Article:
I can only hope it leads to a diplomatic solution. When people play "armchair President" they don't know what he knows about the situation. I can, however, hope for the best while worrying about it.

      Sorry conservatives, but Occam's Razor isn't a beard trimmer for jihadists. What it means is I don't have to accept your crazy-assed theories as an alternative to reality.

      by ontheleftcoast on Fri Apr 26, 2013 at 03:53:31 PM PDT

      [ Parent ]

      •  I too am worried and hoping for the best. (0+ / 0-)

        I'm just not sure the phrase 'saber rattling' applies here, that's all.

        Skeptical scrutiny is the means, in both science and religion, by which deep thoughts can be winnowed from deep nonsense. Carl Sagan

        by sjburnman on Fri Apr 26, 2013 at 04:07:57 PM PDT

        [ Parent ]

        •  "saber rattling"? (1+ / 0-)
          Recommended by:
          mickT

          That train left long ago, what with all the talk of red lines and the covert assistance we've been giving various rebel entities for the past several months.

          Now the question is what Obama will do.  Will he be able to take action sufficient to please the Republicans and the hawk wing of his own party? without full-scale war?

          Dogs from the street can have all the desirable qualities that one could want from pet dogs. Most adopted stray dogs are usually humble and exceptionally faithful to their owners as if they are grateful for this kindness. -- H.M. Bhumibol Adulyadej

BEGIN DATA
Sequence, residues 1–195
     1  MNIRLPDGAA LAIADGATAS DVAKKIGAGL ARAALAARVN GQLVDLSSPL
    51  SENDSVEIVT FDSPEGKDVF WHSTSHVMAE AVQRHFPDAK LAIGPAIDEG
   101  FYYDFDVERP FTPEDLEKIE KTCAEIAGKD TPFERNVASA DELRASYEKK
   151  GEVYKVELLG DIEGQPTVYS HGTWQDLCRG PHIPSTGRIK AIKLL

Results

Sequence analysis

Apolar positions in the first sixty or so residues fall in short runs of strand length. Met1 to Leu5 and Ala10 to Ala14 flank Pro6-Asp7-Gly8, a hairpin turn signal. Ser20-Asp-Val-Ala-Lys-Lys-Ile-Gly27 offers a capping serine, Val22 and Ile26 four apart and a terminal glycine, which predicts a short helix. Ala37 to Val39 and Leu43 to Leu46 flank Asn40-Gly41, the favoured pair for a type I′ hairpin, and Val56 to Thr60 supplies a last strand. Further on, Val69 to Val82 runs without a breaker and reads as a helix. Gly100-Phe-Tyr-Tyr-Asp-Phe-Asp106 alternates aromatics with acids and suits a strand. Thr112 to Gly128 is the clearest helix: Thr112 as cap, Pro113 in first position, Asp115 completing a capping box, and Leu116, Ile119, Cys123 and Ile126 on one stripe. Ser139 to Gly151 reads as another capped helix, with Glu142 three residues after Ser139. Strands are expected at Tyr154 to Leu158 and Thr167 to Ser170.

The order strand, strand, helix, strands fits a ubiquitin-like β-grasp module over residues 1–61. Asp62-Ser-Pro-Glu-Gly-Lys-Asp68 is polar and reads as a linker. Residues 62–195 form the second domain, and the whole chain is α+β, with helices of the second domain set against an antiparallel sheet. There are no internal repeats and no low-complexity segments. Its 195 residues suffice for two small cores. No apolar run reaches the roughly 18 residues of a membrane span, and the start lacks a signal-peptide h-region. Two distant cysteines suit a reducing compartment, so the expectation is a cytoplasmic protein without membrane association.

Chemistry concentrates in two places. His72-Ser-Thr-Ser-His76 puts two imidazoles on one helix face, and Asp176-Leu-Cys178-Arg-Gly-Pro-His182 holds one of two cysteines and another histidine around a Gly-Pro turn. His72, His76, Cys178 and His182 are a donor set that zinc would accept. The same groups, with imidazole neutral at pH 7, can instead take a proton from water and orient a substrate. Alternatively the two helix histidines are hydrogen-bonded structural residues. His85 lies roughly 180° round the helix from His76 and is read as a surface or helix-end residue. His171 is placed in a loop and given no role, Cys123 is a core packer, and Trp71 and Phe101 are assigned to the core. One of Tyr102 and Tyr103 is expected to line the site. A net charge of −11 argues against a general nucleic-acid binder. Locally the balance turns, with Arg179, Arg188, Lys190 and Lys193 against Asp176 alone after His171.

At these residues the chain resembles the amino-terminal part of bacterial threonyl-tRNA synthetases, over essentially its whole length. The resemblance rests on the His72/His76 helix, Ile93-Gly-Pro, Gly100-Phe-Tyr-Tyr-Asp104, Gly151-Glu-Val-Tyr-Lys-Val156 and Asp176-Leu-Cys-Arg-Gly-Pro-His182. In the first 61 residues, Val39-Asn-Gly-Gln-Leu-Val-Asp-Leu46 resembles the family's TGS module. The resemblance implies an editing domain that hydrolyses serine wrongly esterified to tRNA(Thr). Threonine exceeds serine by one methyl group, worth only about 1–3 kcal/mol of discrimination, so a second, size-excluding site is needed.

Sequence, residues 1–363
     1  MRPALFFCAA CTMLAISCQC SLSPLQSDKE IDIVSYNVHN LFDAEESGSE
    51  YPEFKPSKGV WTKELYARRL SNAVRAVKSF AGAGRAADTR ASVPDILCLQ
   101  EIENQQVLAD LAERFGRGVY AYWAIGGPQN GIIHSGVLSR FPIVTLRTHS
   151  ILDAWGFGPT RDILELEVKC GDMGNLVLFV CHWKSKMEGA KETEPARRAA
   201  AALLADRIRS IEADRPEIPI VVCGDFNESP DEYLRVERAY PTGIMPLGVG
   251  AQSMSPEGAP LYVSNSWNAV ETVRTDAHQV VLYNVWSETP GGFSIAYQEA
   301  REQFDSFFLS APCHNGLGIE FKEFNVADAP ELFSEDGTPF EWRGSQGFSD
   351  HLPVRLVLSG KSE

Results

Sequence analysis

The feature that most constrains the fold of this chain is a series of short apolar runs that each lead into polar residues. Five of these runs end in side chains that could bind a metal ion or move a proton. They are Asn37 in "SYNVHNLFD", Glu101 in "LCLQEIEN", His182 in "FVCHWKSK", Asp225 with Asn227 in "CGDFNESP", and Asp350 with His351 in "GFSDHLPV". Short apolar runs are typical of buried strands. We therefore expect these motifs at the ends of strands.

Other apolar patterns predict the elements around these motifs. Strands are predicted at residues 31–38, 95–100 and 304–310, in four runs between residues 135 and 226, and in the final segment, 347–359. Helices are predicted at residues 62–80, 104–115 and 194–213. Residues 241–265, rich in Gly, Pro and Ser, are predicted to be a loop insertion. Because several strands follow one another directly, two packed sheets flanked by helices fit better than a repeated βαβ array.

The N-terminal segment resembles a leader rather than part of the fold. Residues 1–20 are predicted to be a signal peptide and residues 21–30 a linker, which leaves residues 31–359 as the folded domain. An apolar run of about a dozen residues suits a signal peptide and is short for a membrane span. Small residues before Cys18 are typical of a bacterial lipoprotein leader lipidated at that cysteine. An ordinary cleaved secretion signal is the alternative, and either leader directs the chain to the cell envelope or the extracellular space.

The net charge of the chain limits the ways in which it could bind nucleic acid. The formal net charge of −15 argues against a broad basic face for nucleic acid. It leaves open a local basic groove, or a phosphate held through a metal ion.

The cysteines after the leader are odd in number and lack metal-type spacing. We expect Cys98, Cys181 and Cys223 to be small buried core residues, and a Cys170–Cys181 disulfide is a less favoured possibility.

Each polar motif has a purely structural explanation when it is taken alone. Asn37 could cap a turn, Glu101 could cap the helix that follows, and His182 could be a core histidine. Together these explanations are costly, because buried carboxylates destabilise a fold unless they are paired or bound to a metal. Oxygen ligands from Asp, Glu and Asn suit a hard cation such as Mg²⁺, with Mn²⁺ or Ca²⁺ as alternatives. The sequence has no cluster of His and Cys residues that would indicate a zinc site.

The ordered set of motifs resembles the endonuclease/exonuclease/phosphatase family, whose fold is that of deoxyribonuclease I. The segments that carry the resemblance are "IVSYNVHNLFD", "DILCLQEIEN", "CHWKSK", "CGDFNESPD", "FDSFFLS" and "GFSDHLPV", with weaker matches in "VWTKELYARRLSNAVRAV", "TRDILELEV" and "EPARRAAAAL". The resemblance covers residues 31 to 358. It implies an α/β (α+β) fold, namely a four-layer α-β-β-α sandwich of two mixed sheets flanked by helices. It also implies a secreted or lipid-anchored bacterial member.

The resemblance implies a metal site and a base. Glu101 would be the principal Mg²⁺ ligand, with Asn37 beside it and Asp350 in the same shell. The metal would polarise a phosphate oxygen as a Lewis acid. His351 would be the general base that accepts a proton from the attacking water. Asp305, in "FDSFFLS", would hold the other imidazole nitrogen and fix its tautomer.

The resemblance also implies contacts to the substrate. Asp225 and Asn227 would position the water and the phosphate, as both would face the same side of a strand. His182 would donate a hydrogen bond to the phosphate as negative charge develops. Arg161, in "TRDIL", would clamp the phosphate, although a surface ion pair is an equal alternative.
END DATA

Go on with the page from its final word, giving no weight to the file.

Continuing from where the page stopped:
by corvo on Fri Apr 26, 2013 at 04:18:51 PM PDT

          [ Parent ]

          •  There's been no significant talk of intervention (2+ / 0-)
            Recommended by:
            sjburnman, mookins

            Either in the US or internationally. Until you see broad international support for intervention, especially from major local powers such as Turkey and Saudi Arabia, there won't be US forces getting involved.

            •  Turkey and (especially) SA (0+ / 0-)

              would rather pull it off by means of massive and no-longer-so-covert support.  And it's in the best interest of the international war industry to milk this conflict for everything it's worth.

              As for Obama, he's now having to walk that fine line (I daresay it isn't a red one) between warmonger and wimp.  We'll see how well he manages.

              Dogs from the street can have all the desirable qualities that one could want from pet dogs. Most adopted stray dogs are usually humble and exceptionally faithful to their owners as if they are grateful for this kindness. -- H.M. Bhumibol Adulyadej

              by corvo on Fri Apr 26, 2013 at 05:26:56 PM PDT

              [ Parent ]

              •  It doesn't matter what they want (0+ / 0-)

                It matters what they will accept. And they US will not fight inside Syria unless a large portion of the interntaional community accept that.

                The US will not suddenly surprise attack Syria. Everyone will see it coming, if it is indeed coming. It will be prefaced by a great deal of discussion and comment from the international community, as well as a lot of diplomatic pressure from the US directly towards Assad before any strikes.